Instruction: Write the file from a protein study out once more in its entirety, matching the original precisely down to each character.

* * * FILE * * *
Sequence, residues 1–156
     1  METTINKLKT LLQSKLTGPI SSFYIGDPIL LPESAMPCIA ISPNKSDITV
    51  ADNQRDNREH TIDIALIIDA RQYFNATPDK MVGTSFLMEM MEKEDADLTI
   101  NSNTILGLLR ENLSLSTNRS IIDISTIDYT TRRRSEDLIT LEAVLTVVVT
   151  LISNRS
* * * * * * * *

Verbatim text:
Sequence, residues 1–156
     1  METTINKLKT LLQSKLTGPI SSFYIGDPIL LPESAMPCIA ISPNKSDITV
    51  ADNQRDNREH TIDIALIIDA RQYFNATPDK MVGTSFLMEM MEKEDADLTI
   101  NSNTILGLLR ENLSLSTNRS IIDISTIDYT TRRRSEDLIT LEAVLTVVVT
   151  LISNRS